Cows Need Grass, and USDA Agrees

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After one of the most contentious issues in the organic food world was put to rest a week and a half ago, I happened to be feeding a few goats in Massachusetts. I pulled some grass from a nearby field and walked over to the animals. They came right up to me and started eating the fresh forage from my hand. There was hay nearby but the green stuff clearly won the taste test.

Over at the USDA, it took more than a decade of complaints and advisory statements, reams of documents, a dairy symposium, five listening sessions, at least two comment periods, the overhaul of the USDA's National Organic Program, the new Obama administration, and vigorous lobbying by small dairy farmer groups to arrive at the same conclusion as these goats: ruminants such as cows prefer grass, and on organic farms they should be required to graze a minimum amount of pasture.

It also found ample organic land for grazing, especially in the West, where many objections to the pasture standard originated.

Why was this so contentious? Because cows don't need to be on pasture to produce milk. In many conventional dairies, cows are housed indoors. In fact, if they eat more grain rations and expend less energy walking to pasture they actually produce more milk, not less. That efficient factory-like reality led large-scale organic dairy operations to minimize pasture, maximize milk production and thus undercut all those other farmers who wanted to let cows express their natural behavior and eat grass. And these large-scale farms could do so because organic regulations, until now, only required vague "access to pasture," not a bright-line minimum standard for grazing that all farms must meet.

Now, with the new pasture rule released last week, the bright line is there. The regulation states that cows must be out on pasture throughout the grazing season, for at least 120 days. They must also get a minimum of 30 percent of their nutrition from fresh grass (as measured by dry weight, since grass contains far more water than grain). This standard was arrived at by consensus by organic dairy farmers around the nation nearly five years ago. It will take full effect a year from now.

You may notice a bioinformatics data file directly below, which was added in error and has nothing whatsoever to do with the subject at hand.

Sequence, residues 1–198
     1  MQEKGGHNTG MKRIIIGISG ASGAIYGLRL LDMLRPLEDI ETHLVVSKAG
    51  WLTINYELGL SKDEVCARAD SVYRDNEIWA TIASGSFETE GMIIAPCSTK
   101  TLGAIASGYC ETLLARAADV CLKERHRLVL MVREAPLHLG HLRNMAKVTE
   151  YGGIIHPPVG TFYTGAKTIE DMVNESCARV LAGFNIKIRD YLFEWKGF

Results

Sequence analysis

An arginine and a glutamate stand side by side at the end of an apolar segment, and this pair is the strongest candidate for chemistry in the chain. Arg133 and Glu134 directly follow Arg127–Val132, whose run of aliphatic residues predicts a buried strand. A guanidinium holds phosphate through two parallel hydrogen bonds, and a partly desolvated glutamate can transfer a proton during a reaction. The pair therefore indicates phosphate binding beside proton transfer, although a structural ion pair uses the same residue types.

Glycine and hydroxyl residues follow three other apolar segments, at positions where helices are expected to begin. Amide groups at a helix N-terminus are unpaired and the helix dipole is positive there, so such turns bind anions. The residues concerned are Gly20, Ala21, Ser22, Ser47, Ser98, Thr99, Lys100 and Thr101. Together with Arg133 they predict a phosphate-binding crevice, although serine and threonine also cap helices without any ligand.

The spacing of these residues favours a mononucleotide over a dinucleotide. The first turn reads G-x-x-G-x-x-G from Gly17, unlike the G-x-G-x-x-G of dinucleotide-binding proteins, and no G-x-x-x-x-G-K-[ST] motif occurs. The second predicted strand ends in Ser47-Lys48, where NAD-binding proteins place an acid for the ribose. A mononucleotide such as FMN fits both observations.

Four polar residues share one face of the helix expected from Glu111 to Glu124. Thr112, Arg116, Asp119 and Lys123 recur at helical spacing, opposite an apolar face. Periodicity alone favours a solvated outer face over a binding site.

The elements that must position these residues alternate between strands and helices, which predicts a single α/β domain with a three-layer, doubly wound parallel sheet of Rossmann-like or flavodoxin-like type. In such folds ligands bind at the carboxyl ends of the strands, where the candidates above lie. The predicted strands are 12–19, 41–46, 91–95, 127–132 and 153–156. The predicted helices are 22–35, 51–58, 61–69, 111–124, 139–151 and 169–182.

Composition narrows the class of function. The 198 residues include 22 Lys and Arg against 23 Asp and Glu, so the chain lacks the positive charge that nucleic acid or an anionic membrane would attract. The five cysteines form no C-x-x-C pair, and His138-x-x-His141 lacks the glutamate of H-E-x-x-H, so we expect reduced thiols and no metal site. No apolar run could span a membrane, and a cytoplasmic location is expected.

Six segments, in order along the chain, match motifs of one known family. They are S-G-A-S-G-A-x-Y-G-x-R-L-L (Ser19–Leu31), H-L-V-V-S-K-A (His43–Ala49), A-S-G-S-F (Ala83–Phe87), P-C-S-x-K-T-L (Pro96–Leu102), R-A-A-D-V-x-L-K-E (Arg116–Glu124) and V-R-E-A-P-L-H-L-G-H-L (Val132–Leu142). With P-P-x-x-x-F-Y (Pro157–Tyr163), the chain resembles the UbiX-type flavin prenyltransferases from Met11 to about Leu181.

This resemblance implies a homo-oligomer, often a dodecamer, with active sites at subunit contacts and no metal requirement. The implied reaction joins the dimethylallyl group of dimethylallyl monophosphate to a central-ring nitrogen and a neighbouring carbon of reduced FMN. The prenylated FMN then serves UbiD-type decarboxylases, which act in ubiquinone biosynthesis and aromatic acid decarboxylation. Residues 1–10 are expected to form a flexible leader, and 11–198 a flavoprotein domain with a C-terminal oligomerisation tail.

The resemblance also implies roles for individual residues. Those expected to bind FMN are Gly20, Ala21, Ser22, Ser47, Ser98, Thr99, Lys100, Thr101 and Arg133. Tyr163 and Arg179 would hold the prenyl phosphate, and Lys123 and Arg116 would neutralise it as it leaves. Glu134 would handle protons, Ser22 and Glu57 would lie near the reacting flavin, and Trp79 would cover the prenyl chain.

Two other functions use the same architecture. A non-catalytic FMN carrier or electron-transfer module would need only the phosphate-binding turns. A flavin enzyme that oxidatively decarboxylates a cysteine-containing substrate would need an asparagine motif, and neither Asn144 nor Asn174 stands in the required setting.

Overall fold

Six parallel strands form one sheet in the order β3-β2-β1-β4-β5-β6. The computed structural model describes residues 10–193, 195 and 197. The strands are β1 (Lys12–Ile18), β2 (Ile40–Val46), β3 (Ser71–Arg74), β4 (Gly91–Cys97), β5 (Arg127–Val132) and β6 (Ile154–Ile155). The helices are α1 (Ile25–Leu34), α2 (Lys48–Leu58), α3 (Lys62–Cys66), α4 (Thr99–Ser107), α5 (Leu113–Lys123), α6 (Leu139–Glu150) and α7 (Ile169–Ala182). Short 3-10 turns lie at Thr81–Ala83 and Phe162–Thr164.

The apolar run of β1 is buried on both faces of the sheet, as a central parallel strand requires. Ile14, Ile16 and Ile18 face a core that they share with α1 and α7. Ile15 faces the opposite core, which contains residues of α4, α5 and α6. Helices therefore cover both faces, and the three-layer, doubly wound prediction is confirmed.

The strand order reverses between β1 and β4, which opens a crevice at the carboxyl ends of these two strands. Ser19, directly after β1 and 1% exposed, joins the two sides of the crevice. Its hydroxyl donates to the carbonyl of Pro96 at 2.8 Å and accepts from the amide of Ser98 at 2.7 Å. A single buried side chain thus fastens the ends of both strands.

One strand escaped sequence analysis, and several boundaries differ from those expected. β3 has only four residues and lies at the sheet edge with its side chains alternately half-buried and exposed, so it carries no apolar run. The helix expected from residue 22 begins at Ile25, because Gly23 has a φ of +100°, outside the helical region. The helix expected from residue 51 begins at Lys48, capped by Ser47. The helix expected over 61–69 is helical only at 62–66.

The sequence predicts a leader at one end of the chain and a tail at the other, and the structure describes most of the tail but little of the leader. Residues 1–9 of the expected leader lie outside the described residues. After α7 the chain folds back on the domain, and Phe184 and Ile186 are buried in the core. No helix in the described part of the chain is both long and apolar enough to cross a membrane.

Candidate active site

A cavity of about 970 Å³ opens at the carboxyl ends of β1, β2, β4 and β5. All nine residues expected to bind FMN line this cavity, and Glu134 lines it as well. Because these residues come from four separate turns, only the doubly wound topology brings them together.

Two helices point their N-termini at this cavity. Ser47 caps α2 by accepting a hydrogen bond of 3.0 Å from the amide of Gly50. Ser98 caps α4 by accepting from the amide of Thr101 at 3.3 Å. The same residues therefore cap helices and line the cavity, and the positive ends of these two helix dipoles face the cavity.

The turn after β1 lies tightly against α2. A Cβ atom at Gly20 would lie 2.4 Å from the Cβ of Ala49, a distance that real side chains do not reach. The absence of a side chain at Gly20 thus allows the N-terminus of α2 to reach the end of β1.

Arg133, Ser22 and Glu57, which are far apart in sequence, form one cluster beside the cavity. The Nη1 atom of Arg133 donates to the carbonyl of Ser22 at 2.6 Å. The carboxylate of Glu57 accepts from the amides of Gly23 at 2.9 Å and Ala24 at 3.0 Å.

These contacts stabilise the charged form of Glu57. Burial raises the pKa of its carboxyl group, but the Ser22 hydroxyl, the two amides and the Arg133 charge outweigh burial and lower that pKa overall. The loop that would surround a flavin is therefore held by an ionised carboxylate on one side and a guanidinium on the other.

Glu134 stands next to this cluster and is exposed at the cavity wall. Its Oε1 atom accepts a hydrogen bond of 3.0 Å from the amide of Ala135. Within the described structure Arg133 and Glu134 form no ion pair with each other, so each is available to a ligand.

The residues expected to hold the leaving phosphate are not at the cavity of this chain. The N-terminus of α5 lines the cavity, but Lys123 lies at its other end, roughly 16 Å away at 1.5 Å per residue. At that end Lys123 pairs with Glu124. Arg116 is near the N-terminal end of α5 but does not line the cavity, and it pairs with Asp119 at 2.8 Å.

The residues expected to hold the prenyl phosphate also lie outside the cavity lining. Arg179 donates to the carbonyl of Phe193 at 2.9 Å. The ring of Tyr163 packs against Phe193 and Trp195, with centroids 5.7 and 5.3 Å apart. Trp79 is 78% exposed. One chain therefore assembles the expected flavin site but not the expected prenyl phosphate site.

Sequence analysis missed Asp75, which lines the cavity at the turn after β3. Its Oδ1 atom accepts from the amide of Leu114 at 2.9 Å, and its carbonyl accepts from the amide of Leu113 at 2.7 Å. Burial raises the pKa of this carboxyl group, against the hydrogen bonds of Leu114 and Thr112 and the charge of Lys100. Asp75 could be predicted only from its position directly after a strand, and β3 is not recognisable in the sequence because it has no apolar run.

The National Organic Standards Board (NOSB), an advisory panel that recommends all regulatory changes to the Secretary of Agriculture, had at first recommended that the 120 day/30 percent minimum be for "guidance" only. But in an especially detailed and well-reasoned document explaining the regulation (PDF), the USDA said, "public comments showed strong backing for a regulatory change"—not simply guidance.

The agency enacted the bright line standard to avoid confusion among certifiers who had interpreted the "access to pasture" prescription quite differently. (Some required grazing while others clearly did not.) Secondly, and perhaps more crucially, the USDA made the change "to satisfy consumer expectations that ruminant livestock animals graze on pastures during the grazing season."

Evidence of those consumer expectations appeared after the first proposed rule, released in April 2006, when more than 80,500 commented. Of those, just 28 were opposed to any changes in the pasture requirement and "there was a consistent theme of opposition to confining animals and feedlot feeding," the agency noted.

Consumers, farmers, retailers, and public advocates spoke. And, in this case, the USDA listened—it just took awhile.

That voice is especially important because the National Organic Program was designed by Congress as a "marketing program." (It is officially agnostic on whether organic foods or organic production practices are better or healthier.) If the market, defined by the 30 percent or so of Americans who occasionally buy organic products, think organic practices are failing to live up to their expectations, the agriculture secretary has reason to "satisfy consumer expectations" and change the program. That was clearly the case in the pasture dispute, where consumers felt large-scale feedlot organic farms were manipulating organic practices with a loophole.